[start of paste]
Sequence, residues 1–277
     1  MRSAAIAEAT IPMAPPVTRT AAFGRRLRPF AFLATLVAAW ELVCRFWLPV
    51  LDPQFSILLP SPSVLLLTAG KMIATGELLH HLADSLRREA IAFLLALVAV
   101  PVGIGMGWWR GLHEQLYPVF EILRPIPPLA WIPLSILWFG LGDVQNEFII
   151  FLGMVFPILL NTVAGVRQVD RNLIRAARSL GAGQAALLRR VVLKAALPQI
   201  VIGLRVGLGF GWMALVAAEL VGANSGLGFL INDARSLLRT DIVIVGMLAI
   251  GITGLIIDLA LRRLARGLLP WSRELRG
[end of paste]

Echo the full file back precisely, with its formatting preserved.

Sequence, residues 1–277
     1  MRSAAIAEAT IPMAPPVTRT AAFGRRLRPF AFLATLVAAW ELVCRFWLPV
    51  LDPQFSILLP SPSVLLLTAG KMIATGELLH HLADSLRREA IAFLLALVAV
   101  PVGIGMGWWR GLHEQLYPVF EILRPIPPLA WIPLSILWFG LGDVQNEFII
   151  FLGMVFPILL NTVAGVRQVD RNLIRAARSL GAGQAALLRR VVLKAALPQI
   201  VIGLRVGLGF GWMALVAAEL VGANSGLGFL INDARSLLRT DIVIVGMLAI
   251  GITGLIIDLA LRRLARGLLP WSRELRG